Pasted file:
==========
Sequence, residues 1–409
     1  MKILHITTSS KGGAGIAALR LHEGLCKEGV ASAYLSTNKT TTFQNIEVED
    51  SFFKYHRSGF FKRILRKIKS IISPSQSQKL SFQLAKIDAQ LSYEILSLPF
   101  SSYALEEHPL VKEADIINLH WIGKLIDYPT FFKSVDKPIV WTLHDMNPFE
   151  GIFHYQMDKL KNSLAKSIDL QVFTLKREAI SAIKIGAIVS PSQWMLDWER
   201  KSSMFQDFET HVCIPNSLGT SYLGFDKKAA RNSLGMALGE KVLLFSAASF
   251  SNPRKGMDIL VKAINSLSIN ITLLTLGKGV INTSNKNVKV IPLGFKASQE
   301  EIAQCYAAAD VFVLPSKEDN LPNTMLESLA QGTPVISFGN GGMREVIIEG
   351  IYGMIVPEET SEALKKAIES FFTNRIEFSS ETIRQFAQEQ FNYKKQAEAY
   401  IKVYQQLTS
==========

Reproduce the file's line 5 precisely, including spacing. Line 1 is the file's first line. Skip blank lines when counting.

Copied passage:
   151  GIFHYQMDKL KNSLAKSIDL QVFTLKREAI SAIKIGAIVS PSQWMLDWER